How to read evidence from RCTs? - I

One of the common criticisms of RCTs is that they aren't externally valid, meaning the results can't be extrapolated to other settings. This is sort of a naive 101 criticism. The utility of RCTs is not from a single study but from a collection of studies.

RCTs provide evidence of the extent of binding constraints which can be used to build theory. Further, the mechanisms of impact, rather than the particular intervention is scalable. What does this mean?

Let's consider this example. An RCT finds that helping households build rainwater harvesting tanks increases girls enrolment. Increase in girls enrolment is the effect here. The mechanism of the effect is that girls in households with tanks spend less time on water collection, which is then used to attend school.

Consider another study. In this study, m-Pesa is found to have reduced gender gaps in Kenya. Reducing gender gaps is the outcome here. The mechanism is that m-Pesa reduced the time spent by women in paying bills. Paying bills usually used to take them lot of time, including the time to travel, staying in queue etc. The time gained through mpesa is employed in productive activities.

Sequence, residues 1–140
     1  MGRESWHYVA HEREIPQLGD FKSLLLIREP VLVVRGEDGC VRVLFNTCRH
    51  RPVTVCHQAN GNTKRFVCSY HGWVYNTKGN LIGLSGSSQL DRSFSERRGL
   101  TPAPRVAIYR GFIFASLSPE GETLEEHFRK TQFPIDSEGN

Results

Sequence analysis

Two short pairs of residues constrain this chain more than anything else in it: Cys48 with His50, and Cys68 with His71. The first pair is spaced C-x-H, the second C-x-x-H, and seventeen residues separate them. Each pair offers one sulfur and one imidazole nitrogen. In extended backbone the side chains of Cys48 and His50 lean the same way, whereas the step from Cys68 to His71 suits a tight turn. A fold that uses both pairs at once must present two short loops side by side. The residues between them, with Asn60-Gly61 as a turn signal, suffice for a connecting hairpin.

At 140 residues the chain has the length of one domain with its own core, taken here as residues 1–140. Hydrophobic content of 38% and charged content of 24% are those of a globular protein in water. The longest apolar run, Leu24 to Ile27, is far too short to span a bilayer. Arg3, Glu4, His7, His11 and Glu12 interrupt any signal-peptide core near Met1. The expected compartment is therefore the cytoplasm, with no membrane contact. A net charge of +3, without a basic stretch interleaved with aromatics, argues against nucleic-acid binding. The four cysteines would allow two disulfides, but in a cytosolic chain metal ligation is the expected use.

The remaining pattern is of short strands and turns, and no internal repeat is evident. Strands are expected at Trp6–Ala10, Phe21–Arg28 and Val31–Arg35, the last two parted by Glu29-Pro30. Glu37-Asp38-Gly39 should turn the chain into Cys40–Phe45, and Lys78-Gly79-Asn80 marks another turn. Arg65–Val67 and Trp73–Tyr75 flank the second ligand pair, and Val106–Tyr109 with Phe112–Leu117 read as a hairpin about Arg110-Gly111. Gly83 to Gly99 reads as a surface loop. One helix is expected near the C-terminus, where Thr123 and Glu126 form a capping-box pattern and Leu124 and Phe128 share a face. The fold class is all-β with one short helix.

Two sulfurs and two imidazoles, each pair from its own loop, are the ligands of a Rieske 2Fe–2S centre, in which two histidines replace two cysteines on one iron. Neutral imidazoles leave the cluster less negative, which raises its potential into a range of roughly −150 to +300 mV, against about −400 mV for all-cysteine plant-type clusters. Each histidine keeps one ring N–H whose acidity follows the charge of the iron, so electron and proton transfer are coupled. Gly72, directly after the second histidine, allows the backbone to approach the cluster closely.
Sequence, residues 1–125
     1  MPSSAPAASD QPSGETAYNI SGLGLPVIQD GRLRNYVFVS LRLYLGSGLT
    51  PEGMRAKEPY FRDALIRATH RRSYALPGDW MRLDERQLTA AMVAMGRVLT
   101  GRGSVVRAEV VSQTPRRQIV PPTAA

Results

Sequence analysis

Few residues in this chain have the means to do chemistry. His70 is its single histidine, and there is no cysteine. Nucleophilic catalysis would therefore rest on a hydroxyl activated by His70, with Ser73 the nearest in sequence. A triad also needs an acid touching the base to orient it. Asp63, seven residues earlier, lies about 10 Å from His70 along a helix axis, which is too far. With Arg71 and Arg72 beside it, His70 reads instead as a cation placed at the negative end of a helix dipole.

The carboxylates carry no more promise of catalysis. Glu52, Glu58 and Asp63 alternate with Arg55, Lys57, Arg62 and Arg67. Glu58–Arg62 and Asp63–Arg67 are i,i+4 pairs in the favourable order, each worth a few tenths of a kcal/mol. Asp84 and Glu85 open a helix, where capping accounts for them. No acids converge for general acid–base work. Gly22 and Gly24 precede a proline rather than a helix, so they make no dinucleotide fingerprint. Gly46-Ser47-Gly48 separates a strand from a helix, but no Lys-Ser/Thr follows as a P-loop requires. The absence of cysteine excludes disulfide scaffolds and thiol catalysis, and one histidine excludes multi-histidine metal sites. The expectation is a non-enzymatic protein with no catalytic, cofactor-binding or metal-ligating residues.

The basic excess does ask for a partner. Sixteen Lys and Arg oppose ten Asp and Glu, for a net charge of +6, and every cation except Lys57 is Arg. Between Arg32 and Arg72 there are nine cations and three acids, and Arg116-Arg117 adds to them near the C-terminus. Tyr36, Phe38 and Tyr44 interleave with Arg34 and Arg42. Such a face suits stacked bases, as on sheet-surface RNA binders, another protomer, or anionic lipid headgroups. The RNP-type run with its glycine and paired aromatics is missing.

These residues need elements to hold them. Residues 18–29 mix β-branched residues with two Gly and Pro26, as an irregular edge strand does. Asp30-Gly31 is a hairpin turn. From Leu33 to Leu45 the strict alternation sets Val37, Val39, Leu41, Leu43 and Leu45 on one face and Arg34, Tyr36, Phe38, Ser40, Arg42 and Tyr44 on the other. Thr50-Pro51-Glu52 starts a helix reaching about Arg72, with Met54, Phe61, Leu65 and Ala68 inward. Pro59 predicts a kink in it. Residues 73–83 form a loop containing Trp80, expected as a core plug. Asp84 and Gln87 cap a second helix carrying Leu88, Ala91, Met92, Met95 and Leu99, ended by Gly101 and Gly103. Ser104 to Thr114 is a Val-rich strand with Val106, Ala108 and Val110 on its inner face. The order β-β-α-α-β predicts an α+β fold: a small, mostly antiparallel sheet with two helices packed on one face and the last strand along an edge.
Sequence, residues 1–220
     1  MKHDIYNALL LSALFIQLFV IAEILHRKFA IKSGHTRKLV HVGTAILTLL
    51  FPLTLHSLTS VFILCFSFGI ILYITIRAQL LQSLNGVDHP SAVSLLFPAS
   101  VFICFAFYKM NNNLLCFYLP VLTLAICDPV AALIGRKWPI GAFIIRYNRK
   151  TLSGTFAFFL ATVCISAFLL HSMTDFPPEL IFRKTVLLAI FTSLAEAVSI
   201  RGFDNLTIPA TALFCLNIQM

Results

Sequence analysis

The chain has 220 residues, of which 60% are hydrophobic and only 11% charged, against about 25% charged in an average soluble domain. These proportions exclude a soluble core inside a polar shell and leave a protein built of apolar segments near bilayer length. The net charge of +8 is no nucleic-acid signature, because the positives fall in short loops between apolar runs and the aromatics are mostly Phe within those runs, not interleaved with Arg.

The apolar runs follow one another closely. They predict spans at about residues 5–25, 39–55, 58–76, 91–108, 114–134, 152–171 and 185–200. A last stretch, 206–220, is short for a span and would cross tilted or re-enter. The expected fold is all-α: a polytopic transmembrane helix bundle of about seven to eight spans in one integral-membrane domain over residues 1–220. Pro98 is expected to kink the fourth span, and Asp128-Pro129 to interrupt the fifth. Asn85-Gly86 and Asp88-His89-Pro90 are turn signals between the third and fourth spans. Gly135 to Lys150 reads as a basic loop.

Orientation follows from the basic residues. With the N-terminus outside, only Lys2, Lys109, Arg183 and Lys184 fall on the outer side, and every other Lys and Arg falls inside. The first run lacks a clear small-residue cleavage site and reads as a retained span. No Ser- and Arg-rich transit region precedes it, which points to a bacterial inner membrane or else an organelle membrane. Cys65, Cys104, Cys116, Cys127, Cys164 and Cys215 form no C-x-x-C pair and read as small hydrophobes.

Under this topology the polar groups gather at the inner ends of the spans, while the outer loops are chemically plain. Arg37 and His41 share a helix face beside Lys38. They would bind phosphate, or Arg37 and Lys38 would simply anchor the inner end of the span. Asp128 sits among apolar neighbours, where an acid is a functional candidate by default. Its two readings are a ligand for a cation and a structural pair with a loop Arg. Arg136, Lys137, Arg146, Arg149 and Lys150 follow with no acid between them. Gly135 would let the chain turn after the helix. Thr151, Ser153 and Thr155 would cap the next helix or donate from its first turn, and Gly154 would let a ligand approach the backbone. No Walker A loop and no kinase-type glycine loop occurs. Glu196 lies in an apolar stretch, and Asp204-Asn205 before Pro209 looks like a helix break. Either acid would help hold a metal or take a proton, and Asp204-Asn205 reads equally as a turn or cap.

The interventions in these two studies are different. Probably the outcome is also different. But, the mechanism is similar. Easing women's bandwidth in doing some household works can help them utilise their time for productive activities. This is the learning. It can be used to devise solutions as per the context.

In a given context, you look for activities on which women spend significant time. Suppose it's for collecting drinking water and fire wood. You devise interventions to reduce the time spent on these. It can be either by providing piped drinking water or subsidized LPG cooking stoves. You thus build solutions by learning principles behind successful interventions, as documented by RCTs.

Sendhil Mullainadhan has a good discussion on this in his paper "Mechanism experiments and Policy evaluations". He advocates for testing mechanisms. For instance, in the above example, saving time is the mechanism. You look for other activities on which women spend time (firewood collection). Try to save their time there through an RCT intervention. If it's a positive result, then it's a robust mechanism.

On a different note, the two studies discussed above can be incorporated in Indian policy. The union governments recent initiative to provide free LPG stoves to women can have a significant effect due to this particular "time saving" mechanism. The environmental benefits are additional. The next step should be towards providing piped water or at least some form of ensuring easy availability of water.

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